Judge Temporarily Blocks Implementation of ‘Sanctuary Cities’ Law

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San Antonio Archbishop Gustavo Garcia-Siller speaks to protesters in front of the federal courthouse where U.S. District Judge Orlando Garcia is hearing arguments against Senate Bill 4, the so-called sanctuary cities law, on June 26, 2017.

Robin Jerstad for The Texas Tribune

San Antonio Archbishop Gustavo García-Siller speaks to protesters in front of the federal courthouse where U.S. District Judge Orlando Garcia is hearing arguments against Senate Bill 4, the so-called sanctuary cities law, on June 26, 2017.

A federal district judge on Wednesday ruled against the State of Texas and halted a controversial state-based immigration enforcement law just days before it was scheduled to go into effect.

U.S. District Judge Orlando Garcia granted a preliminary injunction of Senate Bill 4, one of Gov. Greg Abbott’s key legislative priorities that seeks to outlaw “sanctuary” entities, the common term for governments that don’t enforce federal immigration laws.

The bill was scheduled to go into effect Sept. 1, but opponents of the legislation, including the cities of Houston, Austin, San Antonio, and El Cenizo, as well as Maverick and El Paso counties and the Mexican American Legal Defense and Educational Fund, argued the bill violates several provisions of the Constitution. Garcia’s decision means the bill is on hold until that issue is decided; his court will now likely set another date to determine SB4’s constitutionality.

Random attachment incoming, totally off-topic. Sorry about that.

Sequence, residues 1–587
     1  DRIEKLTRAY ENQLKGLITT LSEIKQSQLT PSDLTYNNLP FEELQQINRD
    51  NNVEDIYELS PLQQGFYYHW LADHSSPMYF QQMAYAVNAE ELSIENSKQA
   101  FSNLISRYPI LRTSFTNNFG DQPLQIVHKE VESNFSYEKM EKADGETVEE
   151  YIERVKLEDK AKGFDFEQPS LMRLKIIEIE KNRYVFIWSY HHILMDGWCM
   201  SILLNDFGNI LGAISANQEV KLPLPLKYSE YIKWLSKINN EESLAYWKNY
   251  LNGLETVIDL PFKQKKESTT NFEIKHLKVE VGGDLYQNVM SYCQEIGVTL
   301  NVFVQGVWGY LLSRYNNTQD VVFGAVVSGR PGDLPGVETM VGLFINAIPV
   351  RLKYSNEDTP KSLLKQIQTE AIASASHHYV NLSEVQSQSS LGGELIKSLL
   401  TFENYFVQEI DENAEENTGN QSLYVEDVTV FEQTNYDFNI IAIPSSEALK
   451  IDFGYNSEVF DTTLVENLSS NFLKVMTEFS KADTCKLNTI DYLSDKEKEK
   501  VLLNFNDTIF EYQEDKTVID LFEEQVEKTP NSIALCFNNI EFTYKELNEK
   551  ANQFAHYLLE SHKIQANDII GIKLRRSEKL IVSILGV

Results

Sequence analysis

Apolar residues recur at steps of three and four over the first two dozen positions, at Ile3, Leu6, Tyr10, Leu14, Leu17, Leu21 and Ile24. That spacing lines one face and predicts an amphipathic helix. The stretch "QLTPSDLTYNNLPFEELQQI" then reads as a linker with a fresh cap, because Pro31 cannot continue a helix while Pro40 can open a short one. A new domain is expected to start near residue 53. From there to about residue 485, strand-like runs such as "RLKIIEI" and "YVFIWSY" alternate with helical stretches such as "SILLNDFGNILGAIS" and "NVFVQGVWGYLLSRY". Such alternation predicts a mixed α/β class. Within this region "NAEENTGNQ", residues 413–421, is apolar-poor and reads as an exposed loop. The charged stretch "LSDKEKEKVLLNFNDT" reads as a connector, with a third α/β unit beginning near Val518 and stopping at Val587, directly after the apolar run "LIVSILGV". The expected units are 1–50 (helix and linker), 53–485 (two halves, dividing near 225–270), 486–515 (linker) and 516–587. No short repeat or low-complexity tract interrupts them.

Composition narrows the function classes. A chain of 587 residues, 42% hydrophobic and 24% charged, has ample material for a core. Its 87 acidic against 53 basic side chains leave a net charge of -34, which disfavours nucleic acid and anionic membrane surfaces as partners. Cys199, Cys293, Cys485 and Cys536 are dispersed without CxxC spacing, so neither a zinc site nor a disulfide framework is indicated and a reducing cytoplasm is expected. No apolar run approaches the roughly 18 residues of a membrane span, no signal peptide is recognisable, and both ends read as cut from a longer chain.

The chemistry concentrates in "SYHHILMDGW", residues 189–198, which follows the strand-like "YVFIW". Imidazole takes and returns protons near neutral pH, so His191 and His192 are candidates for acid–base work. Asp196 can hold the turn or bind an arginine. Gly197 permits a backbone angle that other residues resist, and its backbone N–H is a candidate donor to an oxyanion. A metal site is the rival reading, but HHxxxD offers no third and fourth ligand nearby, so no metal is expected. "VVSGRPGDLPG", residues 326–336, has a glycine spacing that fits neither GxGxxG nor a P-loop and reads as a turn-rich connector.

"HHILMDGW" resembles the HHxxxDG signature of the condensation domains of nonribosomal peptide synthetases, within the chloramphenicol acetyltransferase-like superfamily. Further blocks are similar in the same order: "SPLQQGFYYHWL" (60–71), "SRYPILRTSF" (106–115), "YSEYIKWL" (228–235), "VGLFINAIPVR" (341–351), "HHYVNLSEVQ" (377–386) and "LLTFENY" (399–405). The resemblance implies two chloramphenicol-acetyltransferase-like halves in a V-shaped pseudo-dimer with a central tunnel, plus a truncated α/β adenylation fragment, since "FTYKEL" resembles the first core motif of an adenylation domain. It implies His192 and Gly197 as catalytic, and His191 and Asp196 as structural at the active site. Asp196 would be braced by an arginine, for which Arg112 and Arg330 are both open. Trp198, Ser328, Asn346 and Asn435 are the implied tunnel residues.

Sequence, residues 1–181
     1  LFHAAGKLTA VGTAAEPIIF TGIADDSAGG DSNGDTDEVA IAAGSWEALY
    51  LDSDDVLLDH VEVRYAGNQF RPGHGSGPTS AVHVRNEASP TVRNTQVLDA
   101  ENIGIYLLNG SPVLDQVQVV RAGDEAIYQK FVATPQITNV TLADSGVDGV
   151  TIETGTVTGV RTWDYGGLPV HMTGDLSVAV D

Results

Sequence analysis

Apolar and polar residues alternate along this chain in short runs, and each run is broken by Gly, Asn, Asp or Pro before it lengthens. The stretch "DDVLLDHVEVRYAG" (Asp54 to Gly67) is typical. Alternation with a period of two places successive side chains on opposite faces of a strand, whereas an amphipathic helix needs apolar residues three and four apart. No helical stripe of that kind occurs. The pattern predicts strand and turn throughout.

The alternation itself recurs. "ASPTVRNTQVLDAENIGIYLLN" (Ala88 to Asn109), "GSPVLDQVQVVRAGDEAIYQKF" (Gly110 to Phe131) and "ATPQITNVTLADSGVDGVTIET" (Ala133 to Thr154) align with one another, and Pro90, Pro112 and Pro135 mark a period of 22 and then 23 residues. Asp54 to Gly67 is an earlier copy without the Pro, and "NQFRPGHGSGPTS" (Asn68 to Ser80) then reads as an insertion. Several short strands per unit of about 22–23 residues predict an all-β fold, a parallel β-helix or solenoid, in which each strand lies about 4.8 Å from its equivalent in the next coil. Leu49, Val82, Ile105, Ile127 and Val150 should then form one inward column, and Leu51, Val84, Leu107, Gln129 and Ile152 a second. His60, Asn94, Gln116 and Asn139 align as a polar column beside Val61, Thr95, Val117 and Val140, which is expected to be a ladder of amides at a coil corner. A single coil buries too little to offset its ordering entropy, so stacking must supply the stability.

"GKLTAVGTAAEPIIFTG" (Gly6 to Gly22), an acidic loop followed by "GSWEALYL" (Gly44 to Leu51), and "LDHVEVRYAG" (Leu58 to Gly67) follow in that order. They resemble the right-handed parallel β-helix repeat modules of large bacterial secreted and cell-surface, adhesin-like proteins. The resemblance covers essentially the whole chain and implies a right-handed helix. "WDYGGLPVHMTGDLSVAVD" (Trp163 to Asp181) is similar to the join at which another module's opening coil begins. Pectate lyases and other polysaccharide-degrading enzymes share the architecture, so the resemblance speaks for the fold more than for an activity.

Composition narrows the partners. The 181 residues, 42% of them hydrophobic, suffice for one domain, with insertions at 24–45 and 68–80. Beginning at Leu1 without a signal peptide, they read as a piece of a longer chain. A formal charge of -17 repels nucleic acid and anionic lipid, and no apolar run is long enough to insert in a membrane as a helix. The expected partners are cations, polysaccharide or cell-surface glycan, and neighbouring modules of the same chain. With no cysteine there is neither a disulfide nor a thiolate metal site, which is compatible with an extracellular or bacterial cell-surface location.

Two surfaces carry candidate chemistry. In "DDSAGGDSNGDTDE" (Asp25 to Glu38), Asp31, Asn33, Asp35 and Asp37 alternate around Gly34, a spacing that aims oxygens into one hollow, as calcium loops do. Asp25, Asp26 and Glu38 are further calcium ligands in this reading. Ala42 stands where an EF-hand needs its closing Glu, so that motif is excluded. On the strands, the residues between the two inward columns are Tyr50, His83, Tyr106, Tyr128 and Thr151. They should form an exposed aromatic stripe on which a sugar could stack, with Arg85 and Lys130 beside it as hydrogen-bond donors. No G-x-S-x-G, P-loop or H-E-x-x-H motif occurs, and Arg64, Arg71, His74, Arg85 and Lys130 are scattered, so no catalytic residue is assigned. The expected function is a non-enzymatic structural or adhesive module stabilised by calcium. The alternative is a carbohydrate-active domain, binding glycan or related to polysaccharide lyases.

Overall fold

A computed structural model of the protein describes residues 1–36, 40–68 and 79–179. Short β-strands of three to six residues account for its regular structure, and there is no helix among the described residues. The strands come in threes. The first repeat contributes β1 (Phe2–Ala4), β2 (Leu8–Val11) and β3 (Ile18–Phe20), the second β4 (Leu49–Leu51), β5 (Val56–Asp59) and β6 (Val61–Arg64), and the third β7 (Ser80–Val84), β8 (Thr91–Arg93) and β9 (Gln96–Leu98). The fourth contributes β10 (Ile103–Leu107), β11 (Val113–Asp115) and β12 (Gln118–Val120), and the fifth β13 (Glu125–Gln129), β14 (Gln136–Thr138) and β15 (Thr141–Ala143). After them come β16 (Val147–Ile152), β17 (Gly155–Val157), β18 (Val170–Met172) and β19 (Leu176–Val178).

His decision is a temporary, but significant blow to Abbott and other Republican backers of the bill who said it would help keep Texans safe from undocumented immigrants that have been arrested on criminal charges but released from custody by sheriffs or other elected officials who refuse to hold the alleged criminals for possible deportation.

As passed, SB 4 allows local law enforcement officers to question the immigration status of people they detain or arrest and seeks to punish local government department heads and elected officials who don’t cooperate with federal immigration “detainers” – requests by agents to turn over immigrants subject to possible deportation. Punishment could come in the form of jail time and penalties that exceed $25,000.

 

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